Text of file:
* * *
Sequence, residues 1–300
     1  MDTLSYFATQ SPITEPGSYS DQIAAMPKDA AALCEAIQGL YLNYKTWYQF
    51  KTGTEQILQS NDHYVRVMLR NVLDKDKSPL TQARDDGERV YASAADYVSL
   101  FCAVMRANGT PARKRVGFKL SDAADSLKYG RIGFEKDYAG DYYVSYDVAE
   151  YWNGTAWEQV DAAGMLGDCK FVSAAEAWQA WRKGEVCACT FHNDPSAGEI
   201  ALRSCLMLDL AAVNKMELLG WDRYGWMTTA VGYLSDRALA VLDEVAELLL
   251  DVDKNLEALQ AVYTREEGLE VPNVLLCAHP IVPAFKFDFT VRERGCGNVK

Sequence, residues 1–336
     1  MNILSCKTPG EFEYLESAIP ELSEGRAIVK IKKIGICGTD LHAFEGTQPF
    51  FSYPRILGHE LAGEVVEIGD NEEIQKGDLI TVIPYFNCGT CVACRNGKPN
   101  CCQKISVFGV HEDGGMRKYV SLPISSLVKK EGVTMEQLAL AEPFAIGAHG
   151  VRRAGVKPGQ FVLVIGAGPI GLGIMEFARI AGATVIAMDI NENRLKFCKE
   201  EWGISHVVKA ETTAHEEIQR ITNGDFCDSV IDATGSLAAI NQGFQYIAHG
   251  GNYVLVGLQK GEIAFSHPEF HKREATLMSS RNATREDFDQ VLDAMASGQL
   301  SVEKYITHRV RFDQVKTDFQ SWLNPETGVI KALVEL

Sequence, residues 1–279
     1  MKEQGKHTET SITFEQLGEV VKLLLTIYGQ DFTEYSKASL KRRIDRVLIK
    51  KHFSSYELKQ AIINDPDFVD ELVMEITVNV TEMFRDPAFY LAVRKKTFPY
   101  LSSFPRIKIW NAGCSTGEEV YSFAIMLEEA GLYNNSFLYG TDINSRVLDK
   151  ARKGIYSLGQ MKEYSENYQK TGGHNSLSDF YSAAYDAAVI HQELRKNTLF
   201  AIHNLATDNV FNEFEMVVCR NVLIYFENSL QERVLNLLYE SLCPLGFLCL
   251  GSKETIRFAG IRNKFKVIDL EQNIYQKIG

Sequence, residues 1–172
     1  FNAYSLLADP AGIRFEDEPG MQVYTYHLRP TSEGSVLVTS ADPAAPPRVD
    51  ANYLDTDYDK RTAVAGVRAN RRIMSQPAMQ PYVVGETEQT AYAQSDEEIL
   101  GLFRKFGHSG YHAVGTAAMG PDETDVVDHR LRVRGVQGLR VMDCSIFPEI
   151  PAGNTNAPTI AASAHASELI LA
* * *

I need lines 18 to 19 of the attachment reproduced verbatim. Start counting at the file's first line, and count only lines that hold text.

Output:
    51  KHFSSYELKQ AIINDPDFVD ELVMEITVNV TEMFRDPAFY LAVRKKTFPY
   101  LSSFPRIKIW NAGCSTGEEV YSFAIMLEEA GLYNNSFLYG TDINSRVLDK